The relationship between Arabia and Persia can be summarized as one of stop-starting antagonism, the pair lurching between states of 'best of friends' and 'worst of neighbors'! A clash of cultures, religious sects and long-standing stigma of the other.

Arabs regard Persians with a long-standing suspicion and mistrust. They harbor the fear of possible Iranian hegemony in the Persian Gulf. This appalls them more so as they view their Persian neighbors as 'knowingly' devient. (or mis-led) 

Persians see Arabs as inferior and regard them with an equally matched distaste. 

Each likes to think of the same Gulf ocean as named respectively 'Arabian' and 'Persian' - which causes added tension and fuel to the conflict.

At various points in the last century, Arabia and Persia have peacefully coexisted or bitterly battled. In a mostly stable but invariably tense relationship, they have remained wary and guarded of one another. Saudi Arabia (SA or KSA) and Iran established diplomatic relations in 1928. However, this vacillating state of affairs worsened after 1979 when the new Islamic Republic of Iran became viewed as a threat to the region. 1979, it could be said precipitated, a deterioration in Iran-Arab relations.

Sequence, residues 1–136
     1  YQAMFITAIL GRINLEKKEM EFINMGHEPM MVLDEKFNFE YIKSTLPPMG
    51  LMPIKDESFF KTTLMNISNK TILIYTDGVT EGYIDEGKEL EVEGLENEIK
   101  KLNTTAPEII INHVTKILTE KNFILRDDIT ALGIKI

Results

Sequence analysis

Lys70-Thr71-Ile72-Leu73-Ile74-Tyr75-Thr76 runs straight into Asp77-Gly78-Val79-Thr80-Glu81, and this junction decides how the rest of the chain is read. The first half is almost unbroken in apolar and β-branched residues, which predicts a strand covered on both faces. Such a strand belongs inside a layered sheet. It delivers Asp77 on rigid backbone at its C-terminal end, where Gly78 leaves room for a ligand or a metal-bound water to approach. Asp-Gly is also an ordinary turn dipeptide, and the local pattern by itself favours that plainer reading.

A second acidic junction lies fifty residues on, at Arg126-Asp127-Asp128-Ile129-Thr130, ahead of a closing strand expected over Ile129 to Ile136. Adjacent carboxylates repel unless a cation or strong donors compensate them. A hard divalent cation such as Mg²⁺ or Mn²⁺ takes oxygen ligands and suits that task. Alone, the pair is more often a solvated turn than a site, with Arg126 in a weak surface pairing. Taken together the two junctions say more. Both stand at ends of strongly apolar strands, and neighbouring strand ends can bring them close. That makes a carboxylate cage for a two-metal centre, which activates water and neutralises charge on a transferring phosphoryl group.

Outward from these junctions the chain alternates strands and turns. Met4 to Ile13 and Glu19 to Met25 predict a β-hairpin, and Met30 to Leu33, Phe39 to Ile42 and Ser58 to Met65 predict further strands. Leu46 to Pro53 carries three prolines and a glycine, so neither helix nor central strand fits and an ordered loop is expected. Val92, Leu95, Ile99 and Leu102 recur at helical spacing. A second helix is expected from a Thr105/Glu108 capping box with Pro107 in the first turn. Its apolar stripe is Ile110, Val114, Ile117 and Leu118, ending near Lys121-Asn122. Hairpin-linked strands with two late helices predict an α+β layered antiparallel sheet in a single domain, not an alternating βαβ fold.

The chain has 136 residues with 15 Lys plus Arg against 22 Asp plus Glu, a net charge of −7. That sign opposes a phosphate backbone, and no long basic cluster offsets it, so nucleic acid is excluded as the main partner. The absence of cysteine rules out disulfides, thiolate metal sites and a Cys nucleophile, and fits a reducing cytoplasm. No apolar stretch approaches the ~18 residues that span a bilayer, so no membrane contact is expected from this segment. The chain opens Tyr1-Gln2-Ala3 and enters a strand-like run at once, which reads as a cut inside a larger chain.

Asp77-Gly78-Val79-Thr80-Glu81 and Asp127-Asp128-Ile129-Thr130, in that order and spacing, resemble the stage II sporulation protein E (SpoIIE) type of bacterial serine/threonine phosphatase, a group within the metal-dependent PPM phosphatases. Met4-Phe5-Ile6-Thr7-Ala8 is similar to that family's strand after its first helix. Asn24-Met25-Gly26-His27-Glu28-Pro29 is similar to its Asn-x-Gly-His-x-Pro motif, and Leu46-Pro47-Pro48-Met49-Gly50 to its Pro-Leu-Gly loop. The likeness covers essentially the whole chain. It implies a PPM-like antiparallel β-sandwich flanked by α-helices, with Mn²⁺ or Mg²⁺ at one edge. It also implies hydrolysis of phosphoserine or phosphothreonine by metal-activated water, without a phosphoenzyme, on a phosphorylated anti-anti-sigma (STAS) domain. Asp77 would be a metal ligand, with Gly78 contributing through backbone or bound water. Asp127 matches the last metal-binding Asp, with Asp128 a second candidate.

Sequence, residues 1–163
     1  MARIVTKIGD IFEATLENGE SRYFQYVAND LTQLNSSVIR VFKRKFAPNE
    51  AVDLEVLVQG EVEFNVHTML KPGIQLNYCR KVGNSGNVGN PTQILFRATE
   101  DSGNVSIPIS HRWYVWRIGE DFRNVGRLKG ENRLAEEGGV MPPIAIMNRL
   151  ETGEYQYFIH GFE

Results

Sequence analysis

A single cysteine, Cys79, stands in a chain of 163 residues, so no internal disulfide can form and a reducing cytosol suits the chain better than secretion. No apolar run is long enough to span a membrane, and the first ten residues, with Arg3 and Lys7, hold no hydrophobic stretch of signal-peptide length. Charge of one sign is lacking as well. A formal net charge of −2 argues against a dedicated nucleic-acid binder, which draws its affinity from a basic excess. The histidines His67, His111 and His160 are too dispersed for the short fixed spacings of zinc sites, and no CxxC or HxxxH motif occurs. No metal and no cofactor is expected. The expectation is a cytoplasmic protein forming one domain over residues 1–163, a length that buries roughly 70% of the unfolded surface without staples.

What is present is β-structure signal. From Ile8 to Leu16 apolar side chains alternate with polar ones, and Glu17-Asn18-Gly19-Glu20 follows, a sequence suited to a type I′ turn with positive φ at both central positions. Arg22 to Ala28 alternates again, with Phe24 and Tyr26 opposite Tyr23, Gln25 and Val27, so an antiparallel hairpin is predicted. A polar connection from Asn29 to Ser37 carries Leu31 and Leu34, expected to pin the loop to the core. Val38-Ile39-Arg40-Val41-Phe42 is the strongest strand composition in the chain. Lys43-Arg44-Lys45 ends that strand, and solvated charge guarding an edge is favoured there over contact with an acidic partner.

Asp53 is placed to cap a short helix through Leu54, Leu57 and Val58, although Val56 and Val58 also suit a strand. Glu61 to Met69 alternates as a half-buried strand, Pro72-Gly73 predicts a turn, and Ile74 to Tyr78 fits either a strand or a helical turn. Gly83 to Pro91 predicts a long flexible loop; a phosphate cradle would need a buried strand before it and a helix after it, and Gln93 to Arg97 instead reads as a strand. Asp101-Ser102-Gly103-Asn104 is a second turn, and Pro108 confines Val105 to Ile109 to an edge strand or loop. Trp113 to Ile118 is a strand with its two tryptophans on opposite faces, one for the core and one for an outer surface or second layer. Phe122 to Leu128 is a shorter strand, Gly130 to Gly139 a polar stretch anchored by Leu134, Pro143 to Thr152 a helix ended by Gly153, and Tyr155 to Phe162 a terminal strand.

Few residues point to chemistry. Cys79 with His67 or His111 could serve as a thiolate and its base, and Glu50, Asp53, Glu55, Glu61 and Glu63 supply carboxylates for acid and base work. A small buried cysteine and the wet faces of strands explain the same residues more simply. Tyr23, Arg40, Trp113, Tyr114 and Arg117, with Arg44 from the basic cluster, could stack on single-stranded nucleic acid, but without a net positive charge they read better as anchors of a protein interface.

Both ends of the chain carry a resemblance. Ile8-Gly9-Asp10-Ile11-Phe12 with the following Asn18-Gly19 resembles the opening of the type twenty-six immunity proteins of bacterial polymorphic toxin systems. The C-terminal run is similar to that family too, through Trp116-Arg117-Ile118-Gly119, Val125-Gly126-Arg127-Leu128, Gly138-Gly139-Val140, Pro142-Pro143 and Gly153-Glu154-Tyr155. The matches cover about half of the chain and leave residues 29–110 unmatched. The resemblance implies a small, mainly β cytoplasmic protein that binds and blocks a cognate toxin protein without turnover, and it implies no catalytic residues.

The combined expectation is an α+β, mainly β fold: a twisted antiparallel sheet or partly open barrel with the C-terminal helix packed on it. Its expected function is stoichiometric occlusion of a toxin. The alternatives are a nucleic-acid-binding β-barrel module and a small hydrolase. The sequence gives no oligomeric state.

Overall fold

Some view the clash of the Gulf Titans as that of Monarchy at conflict with Islamic power, after Iran's monarchy fell to a 'supreme' brand of religious zeal coming into political power. Ayatollah Khomeini assumed the religious lead as the Shia cleric taking people-inspired power.

What's more, Ayatollah Khumeini was open about his intention to export the revolution to other parts of the Muslim world. Regional monarchies beware!

The diplomatic and economic isolation of Iran intensified during the Iraq-Iran war in which the late Saddam Hussein took on Ayatollah Khomeini.

Iran and Arabia: the twain shall never meet?

Unknown to many, in the 1940s, there was an Arab enclave or pocket in Iran -- Arab tribes called this Arabistan (Ahwaz). They lived among the overwhelmingly Persian population, struggling to keep their Arabic language alive.